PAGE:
Yesterday I had to run an errand to the Meatpacking District, and to me that means only one thing: a detour to the Chelsea Market. Almost ten years ago, some foodie genius converted the old Nabisco factory (birthplace of the Oreo!) into a nearly one-stop gourmet food/supplies source. Spoking off a central corridor, there’s a fabulous produce stand; a fishmongers, a dairy, and a butcher; Amy’s Bread (oh I adore their parmesan twists); Fat Witch brownies, which some people don’t like but I happen to love for their nearly fudge-like consistency and bite-size minis; a great kitchen-supplies store; a huge wine shop; several prepared-foods shops… the list goes on. My only complaint is that there’s just one of each type of vendor–I desperately wish NYC had a giant central market like so many other great cities of the world, where you could wander from stall to stall, seeing who’s got the best-looking tangerines that day. One of the great highlights of my trip to Australia a few years ago was the Queen Victoria Market in Melbourne, and I dream about having something similar here.
But yesterday I wasn’t shopping for fresh foods, since I wasn’t going straight home afterwards. I browsed a little, enjoying all the aromas and colors, but always with one destination in mind: Buon Italia.
Buon Italia makes me happy. Out front is a little stand selling prepared foods and espresso, with a couple of cafe tables. Everything looks wonderful and authentic, though in all this time I’ve never actually sampled any of it. I’m much more interested in what’s inside. There, you’ll find roughly arranged rows of imported Italian groceries, still in their cartons, with refrigerator cases full of cheeses and meats, and freezers with imported raviolis and other filled pastas. Right at the entrance are dozens of differents oils–olive, walnut, grapeseed–from different makers, in varying sizes. After that come vinegars, and here’s where I made the day’s most exciting discovery.
You may recall my paean to Gianni Calogiuri’s fig balsamic vinegar a few weeks ago. Well, not only did Buon Italia carry the fig, now labeled Vincotto Sweet Vinegar Condiment (marketing?), they also had a variety of other flavors: hot pepper, lemon, carob, raspberry, and plain. I was tempted to buy all of them, but the prices ranged from $9-$14 per bottle (some were larger than others). I knew we loved the fig so I grabbed a big ol’ bottle, but I couldn’t see myself dropping $100 on the others, which I’d never tasted. I added just a bottle of the plain and moved on.
The rest of that row held tunas and stuffed peperoncinos and the like. My heart skipped a beat when I saw a familiar label–I thought I’d found my beloved Peperonicino Piccante Paste, but alas it was something else from the same maker. (Can’t remember what, exactly, but it wasn’t anything that piqued my interest.)
Next up was a row of sweets-related items: packaged Italian desserts, assorted honeys, chocolate for baking–here’s where I picked up the Callebaut bittersweet hunk in the picture, and I know, I know, it’s not Italian but the price was still good, and finally, jams and other jarred confections. Agrimontana makes some mighty fine jam, I must say. In the past I’ve had their strawberry and their cherry, and I’ve used their sweetened vanilla chestnut cream in a recipe or two. This time, the sour cherry caught my fancy. Into the basket it went.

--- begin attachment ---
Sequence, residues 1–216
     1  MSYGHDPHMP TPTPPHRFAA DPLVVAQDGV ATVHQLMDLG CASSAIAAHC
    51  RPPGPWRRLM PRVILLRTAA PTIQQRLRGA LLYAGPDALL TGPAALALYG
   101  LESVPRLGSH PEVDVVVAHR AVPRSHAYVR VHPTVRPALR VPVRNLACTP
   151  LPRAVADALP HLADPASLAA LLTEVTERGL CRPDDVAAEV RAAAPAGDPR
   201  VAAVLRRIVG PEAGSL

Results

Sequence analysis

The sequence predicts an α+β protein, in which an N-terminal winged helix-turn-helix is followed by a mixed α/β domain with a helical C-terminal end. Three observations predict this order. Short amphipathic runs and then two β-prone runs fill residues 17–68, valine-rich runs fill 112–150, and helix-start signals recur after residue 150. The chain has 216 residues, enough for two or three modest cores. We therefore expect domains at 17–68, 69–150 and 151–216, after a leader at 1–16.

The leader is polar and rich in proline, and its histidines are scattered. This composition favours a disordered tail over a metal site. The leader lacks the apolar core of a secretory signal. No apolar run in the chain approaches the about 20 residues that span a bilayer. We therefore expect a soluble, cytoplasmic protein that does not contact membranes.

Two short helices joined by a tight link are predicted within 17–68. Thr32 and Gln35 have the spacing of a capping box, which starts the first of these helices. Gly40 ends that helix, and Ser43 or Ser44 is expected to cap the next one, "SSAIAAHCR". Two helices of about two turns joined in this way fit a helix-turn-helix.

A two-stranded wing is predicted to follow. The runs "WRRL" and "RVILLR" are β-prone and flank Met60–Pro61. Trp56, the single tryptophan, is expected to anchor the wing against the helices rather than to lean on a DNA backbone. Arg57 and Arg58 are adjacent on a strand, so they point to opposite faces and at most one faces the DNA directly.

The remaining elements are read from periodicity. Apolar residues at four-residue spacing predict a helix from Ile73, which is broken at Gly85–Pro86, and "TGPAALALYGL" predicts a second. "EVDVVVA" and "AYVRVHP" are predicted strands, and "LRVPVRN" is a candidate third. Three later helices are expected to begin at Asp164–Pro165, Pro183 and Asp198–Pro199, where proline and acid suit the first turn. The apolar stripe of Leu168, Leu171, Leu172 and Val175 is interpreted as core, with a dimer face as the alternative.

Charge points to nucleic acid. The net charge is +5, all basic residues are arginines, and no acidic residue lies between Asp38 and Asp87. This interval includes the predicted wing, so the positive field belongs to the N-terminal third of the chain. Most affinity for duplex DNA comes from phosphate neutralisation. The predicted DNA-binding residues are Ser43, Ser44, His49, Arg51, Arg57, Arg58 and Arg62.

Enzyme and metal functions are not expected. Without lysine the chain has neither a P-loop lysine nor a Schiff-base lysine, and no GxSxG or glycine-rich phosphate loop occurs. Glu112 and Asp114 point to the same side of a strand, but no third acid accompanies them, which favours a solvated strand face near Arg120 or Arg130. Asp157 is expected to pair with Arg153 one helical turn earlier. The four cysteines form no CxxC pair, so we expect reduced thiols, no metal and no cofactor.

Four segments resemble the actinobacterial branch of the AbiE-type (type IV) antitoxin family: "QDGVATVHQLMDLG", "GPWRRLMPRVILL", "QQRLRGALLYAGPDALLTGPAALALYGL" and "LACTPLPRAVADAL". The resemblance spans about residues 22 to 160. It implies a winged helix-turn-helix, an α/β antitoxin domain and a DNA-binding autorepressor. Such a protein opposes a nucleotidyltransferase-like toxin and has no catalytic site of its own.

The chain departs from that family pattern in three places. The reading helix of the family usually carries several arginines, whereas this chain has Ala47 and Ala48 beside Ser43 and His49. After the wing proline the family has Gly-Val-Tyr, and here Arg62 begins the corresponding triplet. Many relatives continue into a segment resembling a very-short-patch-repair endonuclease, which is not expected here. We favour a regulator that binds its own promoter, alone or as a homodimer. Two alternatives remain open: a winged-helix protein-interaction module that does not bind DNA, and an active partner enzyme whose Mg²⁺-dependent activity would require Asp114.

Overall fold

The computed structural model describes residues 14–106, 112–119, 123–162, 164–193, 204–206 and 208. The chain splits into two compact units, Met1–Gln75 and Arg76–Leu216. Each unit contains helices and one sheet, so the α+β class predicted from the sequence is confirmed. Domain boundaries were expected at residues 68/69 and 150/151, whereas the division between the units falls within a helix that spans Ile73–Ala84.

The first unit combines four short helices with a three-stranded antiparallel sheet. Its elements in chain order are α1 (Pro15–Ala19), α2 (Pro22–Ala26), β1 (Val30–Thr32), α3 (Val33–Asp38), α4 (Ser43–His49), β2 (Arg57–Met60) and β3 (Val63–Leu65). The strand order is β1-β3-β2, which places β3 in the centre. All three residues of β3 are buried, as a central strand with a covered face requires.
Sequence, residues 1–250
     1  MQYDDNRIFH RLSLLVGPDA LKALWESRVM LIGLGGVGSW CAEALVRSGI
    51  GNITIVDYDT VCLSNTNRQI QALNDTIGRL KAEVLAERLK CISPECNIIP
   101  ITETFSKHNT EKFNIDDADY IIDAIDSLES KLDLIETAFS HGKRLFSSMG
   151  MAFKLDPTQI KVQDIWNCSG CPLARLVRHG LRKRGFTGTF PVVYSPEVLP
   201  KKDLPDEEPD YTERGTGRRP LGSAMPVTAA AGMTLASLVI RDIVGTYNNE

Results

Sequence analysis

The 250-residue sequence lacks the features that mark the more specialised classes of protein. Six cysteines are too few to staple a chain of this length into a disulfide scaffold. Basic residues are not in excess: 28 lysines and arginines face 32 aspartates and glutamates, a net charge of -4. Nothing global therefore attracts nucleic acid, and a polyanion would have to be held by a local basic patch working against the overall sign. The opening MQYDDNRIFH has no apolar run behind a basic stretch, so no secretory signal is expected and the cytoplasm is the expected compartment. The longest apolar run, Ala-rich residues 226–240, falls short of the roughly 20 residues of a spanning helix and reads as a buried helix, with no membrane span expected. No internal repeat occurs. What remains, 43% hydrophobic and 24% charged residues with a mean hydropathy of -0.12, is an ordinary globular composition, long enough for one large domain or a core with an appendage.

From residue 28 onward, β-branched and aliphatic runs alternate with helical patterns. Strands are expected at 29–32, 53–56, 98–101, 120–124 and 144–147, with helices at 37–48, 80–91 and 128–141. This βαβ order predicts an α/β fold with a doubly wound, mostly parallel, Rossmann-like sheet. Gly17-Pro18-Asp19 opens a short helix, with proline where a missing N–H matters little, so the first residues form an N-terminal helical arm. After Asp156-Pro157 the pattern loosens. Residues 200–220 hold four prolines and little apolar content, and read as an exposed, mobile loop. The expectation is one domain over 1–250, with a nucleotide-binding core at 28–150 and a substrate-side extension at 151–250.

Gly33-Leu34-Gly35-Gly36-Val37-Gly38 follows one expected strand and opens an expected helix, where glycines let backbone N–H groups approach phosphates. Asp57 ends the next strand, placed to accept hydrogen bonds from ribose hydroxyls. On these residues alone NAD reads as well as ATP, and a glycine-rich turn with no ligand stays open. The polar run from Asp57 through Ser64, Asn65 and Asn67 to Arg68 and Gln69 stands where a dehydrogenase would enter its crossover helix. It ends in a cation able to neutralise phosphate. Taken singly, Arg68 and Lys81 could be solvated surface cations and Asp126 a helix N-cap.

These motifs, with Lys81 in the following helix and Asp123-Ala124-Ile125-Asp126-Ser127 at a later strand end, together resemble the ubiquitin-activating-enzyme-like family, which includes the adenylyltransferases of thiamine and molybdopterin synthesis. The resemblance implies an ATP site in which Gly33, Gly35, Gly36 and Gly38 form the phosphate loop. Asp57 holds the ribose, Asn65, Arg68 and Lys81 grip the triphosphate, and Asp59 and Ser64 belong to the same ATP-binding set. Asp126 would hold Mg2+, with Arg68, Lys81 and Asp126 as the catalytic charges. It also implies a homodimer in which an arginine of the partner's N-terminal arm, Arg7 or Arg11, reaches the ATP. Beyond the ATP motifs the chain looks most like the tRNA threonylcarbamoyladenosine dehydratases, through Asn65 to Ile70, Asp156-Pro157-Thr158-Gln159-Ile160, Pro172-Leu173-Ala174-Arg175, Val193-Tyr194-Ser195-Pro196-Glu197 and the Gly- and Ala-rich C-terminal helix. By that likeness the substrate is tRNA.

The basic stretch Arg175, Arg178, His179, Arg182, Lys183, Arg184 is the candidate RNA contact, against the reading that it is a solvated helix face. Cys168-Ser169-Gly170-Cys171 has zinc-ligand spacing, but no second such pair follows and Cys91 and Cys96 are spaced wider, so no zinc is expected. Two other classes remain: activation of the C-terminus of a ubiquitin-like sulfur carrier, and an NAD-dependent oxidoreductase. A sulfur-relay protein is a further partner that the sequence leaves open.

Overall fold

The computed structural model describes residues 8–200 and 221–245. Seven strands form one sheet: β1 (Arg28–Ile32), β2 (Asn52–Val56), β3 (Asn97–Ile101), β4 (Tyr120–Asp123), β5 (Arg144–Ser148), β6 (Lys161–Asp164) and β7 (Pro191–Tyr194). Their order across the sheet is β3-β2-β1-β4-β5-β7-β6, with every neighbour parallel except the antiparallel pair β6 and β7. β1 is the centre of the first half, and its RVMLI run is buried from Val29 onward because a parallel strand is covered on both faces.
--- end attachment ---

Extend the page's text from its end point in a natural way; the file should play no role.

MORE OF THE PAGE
At the end of the row was a basket on the floor, an improvised endcap of sorts, and in it was a thrilling surprise: trial-sized bottles of the Calogiuri vincotto! Unfortunately many of them were a little sad-looking with broken seals on the bottle caps, so the choices were limited, but I found a carob and a plain, and put back the larger bottle of plain. When I got home last night I tasted them, and I must say I’m glad I was able to test-drive. The carob is wonderful, rich and thick and sweet, not particularly chocolate-like, more just a deep, dark flavor with a vinegary tang. I could see that being great on a piece of parmigiano reggiano, or even added to a chocolate cake batter as a mystery ingredient. The plain vincotto, though, puzzled me. It just tasted like old grapes, flat and not particularly interesting. Next time I go I’ll pick up a bigger bottle of carob, and leave the plain behind.
Jutting off the end of the sweets aisle, filling the long part of the L-shaped room, were olives and nuts and grains. The olives were prepacked into half-pound deli containers, so I skipped them. I prefer to scoop my own, you know? The nuts and grains, though, were fabulous–dozens of different nuts, vacuum-packed for freshness, and dried beans, and a wonderful assortment of flours (including chestnut, several kinds of semolina, rice flour, and a whole bunch more). Here I added a bag of French lentils–let’s see what they do to that Lentil & Brown Rice Soup–and a packet of sliced blanched almonds, for a Thanksgiving dessert I want to try. After that came the pastas, a generous assortment, though not overwhelming, of different shapes and sizes. My basket was already heavy and lord knows we didn’t need any pasta, so I browsed but didn’t buy.
At the register was a display that caught my eye, the last addition to my basket: individually wrapped marrons glaces from Agrimontana. I haven’t had a lot of candied chestnuts in my life, but I did spend one memorable Christmas in Venice, eating them by the dozen. I couldn’t resist. Here’s what it looked like when I unwrapped it:
Kind of looks like a Dunkin Donuts Munchkin, doesn’t it? Well, it tasted just about the polar opposite. I ate it seconds after taking that photo. It was wonderful, sweet but not cloying, almost creamy inside, gently nutty. Sigh. Thank heavens I only bought one.